Two Old Men Disputing by Rembrandt van Rijn was created in 1628. The painting is in National Gallery of Victoria, Melbourne. The size of the work is 72.4 × 59.7 cm and is made of oil on wood panel.
embrandt painted Two old men disputing in his home town of Leiden when he was only in his early twenties. Yet this picture reveals the individuality and brilliance that distinguished him as Leiden’s finest artist and compelled his permanent move in 1631 to the much larger and more cosmopolitan city of Amsterdam.
Rembrandt’s use of dramatic lighting to create atmosphere is remarkable in this work and it anticipates his virtuoso use of chiaroscuro that characterises his later paintings. A brilliant shaft of sunlight falls diagonally from the upper left, illuminating one figure but leaving much of the picture in darkness. Rembrandt uses the contrasting light to draw the viewer’s attention to the aged man in white, whose beard and wrinkled skin have been meticulously painted. Even in the shadows, the still-life details, such as the candle, the quill and the ink-stand are carefully and delicately rendered, in a manner that reflects the Leidse fijnschilders (Leiden ‘fine-painters’). (Read more in National Gallery of Victoria).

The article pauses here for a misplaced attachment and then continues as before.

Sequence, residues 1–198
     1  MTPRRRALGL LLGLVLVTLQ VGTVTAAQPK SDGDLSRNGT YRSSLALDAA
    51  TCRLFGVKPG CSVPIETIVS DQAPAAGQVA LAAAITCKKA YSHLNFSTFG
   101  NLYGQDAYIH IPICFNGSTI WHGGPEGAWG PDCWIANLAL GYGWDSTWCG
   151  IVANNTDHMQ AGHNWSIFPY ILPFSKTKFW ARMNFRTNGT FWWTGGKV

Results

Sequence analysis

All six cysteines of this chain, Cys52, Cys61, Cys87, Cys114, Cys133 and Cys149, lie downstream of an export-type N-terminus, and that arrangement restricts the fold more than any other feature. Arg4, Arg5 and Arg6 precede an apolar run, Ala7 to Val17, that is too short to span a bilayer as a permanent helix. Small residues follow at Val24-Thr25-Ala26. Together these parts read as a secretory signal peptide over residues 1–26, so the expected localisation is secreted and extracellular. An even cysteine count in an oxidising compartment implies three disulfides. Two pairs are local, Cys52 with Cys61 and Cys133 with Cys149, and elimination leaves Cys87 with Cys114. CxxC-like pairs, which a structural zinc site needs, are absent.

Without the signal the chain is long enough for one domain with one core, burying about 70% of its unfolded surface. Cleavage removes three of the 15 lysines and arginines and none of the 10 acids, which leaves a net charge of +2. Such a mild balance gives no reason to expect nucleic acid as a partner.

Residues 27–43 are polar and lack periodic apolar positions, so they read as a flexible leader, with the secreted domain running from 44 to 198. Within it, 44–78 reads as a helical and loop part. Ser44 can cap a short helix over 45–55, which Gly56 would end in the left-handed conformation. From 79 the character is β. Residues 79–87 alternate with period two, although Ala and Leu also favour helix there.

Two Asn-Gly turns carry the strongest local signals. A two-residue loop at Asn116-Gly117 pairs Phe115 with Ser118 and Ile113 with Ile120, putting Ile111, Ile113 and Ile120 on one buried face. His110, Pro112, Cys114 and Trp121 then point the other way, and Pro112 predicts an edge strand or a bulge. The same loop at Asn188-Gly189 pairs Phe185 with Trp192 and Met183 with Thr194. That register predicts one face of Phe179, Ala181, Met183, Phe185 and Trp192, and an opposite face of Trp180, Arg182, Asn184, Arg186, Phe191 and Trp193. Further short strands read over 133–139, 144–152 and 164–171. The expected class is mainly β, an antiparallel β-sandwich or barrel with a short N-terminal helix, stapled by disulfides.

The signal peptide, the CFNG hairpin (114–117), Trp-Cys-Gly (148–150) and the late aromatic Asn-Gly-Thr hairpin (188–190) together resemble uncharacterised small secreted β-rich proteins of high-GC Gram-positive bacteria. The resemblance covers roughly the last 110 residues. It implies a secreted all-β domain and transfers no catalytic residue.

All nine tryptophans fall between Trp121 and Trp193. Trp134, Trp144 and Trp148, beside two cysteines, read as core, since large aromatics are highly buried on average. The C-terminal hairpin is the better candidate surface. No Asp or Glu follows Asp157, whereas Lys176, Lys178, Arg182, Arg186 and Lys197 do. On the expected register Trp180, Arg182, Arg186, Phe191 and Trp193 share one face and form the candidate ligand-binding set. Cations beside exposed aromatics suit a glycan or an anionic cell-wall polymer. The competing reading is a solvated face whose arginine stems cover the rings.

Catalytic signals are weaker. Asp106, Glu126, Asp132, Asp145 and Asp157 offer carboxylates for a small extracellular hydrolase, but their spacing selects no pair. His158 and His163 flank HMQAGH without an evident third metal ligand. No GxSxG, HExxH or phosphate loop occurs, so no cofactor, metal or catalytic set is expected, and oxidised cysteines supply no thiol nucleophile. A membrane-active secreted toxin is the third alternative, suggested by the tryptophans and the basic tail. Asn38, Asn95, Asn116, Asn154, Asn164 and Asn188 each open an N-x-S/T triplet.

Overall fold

About the Artist: Dutch Golden Age painter, printmaker and draughtsman Rembrandt was born on 15 July 1606 in Leiden, in the Dutch Republic, now the Netherlands. As a boy, he attended a Latin school. At the age of 13, he was enrolled at the University of Leiden, although according to a contemporary he had a greater inclination towards painting. In 1624 or 1625, Rembrandt opened a studio in Leiden, which he shared with friend and colleague Jan Lievens. In 1627, Rembrandt began to accept students, which included Gerrit Dou in 1628 and Isaac de Jouderville… Read more